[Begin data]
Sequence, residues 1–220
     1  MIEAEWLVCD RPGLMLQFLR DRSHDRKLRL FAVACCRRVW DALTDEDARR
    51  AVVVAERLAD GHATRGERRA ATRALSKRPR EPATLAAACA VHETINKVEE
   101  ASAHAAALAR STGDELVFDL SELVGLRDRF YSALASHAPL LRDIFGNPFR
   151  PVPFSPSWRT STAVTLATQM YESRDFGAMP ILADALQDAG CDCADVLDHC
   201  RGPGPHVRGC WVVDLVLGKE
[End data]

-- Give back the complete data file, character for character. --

Sequence, residues 1–220
     1  MIEAEWLVCD RPGLMLQFLR DRSHDRKLRL FAVACCRRVW DALTDEDARR
    51  AVVVAERLAD GHATRGERRA ATRALSKRPR EPATLAAACA VHETINKVEE
   101  ASAHAAALAR STGDELVFDL SELVGLRDRF YSALASHAPL LRDIFGNPFR
   151  PVPFSPSWRT STAVTLATQM YESRDFGAMP ILADALQDAG CDCADVLDHC
   201  RGPGPHVRGC WVVDLVLGKE